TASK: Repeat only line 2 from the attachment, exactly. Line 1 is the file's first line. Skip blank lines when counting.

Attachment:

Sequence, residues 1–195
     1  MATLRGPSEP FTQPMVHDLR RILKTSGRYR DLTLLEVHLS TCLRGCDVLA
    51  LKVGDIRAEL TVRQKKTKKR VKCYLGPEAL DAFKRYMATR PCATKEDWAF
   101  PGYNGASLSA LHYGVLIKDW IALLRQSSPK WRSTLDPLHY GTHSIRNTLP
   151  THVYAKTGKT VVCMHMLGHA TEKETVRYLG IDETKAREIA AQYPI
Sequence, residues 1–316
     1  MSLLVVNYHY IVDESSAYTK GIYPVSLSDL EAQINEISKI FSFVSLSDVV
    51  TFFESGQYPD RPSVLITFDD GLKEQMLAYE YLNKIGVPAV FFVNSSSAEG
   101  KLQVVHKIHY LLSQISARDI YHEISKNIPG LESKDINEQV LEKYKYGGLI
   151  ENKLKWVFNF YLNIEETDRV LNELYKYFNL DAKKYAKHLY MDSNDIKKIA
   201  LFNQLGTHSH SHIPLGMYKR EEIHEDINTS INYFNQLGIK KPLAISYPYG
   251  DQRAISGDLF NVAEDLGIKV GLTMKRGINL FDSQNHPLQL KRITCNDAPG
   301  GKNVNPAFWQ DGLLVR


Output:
     1  MATLRGPSEP FTQPMVHDLR RILKTSGRYR DLTLLEVHLS TCLRGCDVLA